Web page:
Source: (-0001) Abridged version originally published in South African Journal of Criminal Justice, 1999[12], p62. South Africa: Institute for Security Studies.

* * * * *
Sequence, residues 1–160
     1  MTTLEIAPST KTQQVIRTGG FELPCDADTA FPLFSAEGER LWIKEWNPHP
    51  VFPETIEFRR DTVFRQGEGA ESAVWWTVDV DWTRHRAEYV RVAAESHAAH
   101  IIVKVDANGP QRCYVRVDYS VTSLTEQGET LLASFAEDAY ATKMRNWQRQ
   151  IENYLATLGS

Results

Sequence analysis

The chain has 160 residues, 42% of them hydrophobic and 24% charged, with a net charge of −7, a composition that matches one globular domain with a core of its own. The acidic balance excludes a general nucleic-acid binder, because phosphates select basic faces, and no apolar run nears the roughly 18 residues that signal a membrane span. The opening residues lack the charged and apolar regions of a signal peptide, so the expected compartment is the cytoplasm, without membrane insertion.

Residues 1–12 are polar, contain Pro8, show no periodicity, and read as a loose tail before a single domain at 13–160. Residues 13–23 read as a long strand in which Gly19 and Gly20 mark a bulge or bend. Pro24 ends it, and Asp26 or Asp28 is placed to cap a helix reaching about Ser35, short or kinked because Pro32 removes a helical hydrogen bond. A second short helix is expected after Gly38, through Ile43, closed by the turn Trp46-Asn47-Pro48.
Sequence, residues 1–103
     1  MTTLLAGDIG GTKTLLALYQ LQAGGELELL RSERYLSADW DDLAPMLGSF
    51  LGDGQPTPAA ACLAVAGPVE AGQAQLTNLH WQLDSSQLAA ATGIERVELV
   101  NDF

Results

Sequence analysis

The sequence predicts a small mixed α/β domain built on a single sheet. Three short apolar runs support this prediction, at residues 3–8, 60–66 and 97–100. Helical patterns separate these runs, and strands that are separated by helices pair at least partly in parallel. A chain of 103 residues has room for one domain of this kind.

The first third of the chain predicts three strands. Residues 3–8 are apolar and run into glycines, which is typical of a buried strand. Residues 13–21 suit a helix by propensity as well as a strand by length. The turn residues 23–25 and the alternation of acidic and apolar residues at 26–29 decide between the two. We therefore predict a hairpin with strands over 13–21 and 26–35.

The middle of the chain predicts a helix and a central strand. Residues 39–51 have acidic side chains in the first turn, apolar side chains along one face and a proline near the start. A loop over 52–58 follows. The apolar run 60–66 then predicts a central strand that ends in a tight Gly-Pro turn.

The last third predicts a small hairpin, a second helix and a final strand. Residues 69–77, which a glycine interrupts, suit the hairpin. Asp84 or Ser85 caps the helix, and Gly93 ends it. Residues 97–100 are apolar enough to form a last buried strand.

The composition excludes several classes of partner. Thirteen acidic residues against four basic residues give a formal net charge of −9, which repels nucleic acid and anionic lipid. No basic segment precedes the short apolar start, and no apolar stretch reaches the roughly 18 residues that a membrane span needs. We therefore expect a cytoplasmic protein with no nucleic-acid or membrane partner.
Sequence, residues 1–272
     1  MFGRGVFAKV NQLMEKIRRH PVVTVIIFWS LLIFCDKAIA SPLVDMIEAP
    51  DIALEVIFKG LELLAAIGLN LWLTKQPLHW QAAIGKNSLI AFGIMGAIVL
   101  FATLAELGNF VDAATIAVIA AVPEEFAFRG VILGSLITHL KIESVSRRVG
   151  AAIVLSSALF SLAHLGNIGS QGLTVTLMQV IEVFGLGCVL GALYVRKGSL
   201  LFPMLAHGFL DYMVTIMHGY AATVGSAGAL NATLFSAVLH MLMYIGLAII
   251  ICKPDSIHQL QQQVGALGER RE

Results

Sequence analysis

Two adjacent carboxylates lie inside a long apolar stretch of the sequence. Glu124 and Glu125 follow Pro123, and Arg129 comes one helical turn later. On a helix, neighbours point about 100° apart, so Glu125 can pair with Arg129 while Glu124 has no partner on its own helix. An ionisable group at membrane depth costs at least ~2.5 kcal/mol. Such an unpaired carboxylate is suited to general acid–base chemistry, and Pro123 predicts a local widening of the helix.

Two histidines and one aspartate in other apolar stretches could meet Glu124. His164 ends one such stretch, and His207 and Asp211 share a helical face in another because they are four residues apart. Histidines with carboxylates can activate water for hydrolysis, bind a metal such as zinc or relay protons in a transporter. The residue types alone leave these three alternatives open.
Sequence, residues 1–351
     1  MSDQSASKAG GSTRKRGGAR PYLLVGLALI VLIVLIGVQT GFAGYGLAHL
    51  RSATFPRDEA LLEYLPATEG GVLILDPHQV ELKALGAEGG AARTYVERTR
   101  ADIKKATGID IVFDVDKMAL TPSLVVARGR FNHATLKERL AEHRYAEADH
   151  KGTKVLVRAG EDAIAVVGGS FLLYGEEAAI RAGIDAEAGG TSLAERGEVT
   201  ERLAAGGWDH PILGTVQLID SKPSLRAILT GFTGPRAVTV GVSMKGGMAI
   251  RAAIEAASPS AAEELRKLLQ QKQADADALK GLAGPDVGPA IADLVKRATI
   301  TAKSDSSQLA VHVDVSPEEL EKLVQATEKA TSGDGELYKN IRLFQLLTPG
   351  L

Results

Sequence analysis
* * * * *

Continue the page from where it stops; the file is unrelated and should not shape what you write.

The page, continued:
The primary goal of victim-offender mediation is seen as compensating the victim for the loss suffered as a result of the crime by making the offender take personal responsibility for making good his loss. The programme gives the victim an opportunity to tell the offender how the crime affected him or her. The offender, has the opportunity to apologize, explain his or her behaviour and make some reparation or pay compensation (see South African Law Commission Issue Paper 8 Project 94 – Alternative Dispute Resolution 30). The reason for the interest in victim-offender mediation is the fact that the present system of criminal procedure in South Africa has the effect of marginalizing the victims of crime and even the Constitution is heavily biased towards the offender. Another problem that the criminal justice system faces is congestion of court rolls which makes it very difficult for matters to be tried speedily. As a result of these and other reasons there have been proposals for institutionalized mediation in the criminal justice system (see R. Palmer “Justice in whose interests? A proposal for institutionalized mediation in the criminal just system” (1997) 110 SACJ33). Not everyone, however, agrees that victim-offender mediation will serve the interests of the victims (see L. Meintjies van der Walt “Towards victims” empowerment, strategies in the criminal justice process (1998) 11 SACJ 157 at 168). Her argument that the goals of victim-offender mediation as set out above can also be achieved if the matter is dealt with through the criminal courts rests on the assumption that the offender is going to be convicted. My own experience in the magistrate’s court is that in the majority of assault cases, for example, there are no witnesses other than the victim and the offender and a conviction is therefore, not a foregone conclusion. (excerpt)


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